Det Chief Supt Mead looks back at a thirty year career at Bedfordshire Police, which started patrolling her home town of Luton before embarking on a Detective career.
Liz is retiring from Head of Crime and Public Protection having worked on several murder, rape, kidnap and serious crime investigations including as a Senior Investigating Officer on the Bedfordshire Cambridgeshire and Hertfordshire Major Crime Unit (BCH MCU).
Liz launched Bedfordshire Police’s ‘One Punch Kills’ campaign to raise awareness across Bedfordshire’s schools and communities of the devastating impact one punch can have. Liz has received Judge’s Commendations for her investigative ability and has led the force in cultural change, leadership and ethics.
How do you retire in a pandemic? Where the over whelming feeling is that you should not be leaving, but staying in support of your colleagues?
Not one I can answer, I have offered to stay but it is time for the next chapter. Coronavirus came along and made everything different but the foundations have been set and the contingency plans developed and instigated.
I have worked with the most incredibly dedicated teams to keep the high service of investigating crime and being there for victims, whilst adapting practices, interpreting ever-changing guidelines and making sure all our teams are protected and working as safely as possible. They accept this and go out every day, knowing they are an emergency service, there always has been and always will be an inherent risk in that, especially now.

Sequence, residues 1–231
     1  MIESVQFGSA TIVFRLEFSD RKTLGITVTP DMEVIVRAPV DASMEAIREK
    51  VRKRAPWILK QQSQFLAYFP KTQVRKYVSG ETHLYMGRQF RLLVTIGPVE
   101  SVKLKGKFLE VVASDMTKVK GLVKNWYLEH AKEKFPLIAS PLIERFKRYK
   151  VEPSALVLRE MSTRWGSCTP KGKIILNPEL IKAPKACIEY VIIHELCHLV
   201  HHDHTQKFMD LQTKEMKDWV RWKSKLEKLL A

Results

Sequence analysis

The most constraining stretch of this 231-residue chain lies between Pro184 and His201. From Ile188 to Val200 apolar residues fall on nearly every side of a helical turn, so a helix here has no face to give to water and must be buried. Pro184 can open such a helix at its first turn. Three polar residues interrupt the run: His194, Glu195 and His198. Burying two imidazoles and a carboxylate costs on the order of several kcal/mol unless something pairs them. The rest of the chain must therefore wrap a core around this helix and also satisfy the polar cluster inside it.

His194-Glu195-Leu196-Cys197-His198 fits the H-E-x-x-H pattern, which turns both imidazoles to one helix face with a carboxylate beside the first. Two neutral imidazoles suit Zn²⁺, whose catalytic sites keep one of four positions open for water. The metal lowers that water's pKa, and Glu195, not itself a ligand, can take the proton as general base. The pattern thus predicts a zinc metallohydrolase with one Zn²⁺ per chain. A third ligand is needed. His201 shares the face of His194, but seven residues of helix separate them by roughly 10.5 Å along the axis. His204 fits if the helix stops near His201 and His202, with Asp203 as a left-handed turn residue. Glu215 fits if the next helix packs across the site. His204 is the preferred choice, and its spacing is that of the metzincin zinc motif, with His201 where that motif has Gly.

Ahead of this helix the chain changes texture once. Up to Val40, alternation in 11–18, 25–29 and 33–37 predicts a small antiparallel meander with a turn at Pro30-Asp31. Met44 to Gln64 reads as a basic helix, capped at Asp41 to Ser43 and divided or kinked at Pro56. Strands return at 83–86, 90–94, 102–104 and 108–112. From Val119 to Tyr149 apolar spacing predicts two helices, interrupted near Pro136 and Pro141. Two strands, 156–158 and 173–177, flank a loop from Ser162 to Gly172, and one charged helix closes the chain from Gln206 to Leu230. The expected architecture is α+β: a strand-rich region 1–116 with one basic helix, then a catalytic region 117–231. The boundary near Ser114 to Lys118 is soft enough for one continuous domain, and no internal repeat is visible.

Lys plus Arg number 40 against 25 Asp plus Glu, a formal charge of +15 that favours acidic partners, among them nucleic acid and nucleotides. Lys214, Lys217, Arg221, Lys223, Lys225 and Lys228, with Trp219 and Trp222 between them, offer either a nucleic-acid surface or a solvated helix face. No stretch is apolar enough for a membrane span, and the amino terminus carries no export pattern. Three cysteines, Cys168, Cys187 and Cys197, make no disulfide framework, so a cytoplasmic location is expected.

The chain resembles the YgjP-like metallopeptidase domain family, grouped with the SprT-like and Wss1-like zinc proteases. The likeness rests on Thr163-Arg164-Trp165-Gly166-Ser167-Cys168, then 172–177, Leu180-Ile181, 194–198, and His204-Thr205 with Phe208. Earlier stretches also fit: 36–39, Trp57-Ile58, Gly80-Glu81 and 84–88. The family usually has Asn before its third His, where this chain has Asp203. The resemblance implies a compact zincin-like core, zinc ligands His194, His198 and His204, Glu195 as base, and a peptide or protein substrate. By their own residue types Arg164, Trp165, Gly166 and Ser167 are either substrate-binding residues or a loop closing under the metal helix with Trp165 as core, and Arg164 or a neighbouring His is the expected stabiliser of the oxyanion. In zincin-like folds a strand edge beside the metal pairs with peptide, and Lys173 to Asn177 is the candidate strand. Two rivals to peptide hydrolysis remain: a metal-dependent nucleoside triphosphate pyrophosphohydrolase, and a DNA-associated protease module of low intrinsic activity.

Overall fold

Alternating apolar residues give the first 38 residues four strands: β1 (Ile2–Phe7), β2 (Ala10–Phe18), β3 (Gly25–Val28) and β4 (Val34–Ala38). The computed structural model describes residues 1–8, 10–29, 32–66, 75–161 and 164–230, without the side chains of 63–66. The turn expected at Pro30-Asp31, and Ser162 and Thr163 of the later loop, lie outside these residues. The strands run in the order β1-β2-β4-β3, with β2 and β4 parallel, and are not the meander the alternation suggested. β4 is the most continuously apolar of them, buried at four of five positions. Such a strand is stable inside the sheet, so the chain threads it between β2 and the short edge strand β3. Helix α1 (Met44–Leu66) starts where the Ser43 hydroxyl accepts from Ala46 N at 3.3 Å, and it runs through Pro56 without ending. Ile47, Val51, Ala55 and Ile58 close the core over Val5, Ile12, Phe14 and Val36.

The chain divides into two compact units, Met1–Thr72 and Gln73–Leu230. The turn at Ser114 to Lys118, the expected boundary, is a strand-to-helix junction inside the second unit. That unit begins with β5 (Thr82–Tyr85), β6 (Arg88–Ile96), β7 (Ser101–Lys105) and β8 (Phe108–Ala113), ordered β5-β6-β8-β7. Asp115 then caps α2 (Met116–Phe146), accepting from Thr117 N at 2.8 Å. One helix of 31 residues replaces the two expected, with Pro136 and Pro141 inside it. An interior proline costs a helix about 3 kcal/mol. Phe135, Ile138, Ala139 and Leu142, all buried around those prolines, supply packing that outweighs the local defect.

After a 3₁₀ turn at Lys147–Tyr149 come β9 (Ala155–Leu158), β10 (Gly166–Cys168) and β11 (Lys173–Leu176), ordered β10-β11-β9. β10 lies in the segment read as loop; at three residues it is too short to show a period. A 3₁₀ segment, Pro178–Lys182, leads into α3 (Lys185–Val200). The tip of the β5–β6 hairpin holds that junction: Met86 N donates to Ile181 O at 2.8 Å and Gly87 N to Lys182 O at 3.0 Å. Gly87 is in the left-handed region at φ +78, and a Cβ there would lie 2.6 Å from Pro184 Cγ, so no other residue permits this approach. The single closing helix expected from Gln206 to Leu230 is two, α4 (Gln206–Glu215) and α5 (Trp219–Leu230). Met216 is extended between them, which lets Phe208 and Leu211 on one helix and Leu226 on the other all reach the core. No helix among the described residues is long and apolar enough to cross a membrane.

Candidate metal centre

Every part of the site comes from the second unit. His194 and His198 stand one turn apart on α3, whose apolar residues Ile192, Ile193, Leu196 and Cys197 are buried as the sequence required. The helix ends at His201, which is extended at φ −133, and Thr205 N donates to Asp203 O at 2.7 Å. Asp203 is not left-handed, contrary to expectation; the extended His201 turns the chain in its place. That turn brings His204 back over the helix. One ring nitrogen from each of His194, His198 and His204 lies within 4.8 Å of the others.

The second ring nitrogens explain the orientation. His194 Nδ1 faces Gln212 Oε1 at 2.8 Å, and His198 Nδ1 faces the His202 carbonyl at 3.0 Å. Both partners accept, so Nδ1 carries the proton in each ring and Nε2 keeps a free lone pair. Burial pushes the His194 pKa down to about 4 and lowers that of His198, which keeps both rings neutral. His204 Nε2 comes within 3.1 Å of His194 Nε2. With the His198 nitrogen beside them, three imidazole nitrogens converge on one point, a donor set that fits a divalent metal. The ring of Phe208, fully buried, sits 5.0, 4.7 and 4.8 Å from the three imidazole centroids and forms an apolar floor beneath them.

Kirsty is a mum of two and joined Bedfordshire Police as a special constable to help make Bedfordshire safe for her young children.
I have lived in Bedfordshire my whole life. I have had some difficult personal life experiences and wanted to be able to turn those negative experiences into something positive through volunteering as an officer. To be able to help others who might have experienced something similar to me and those who are in need of support is important to me.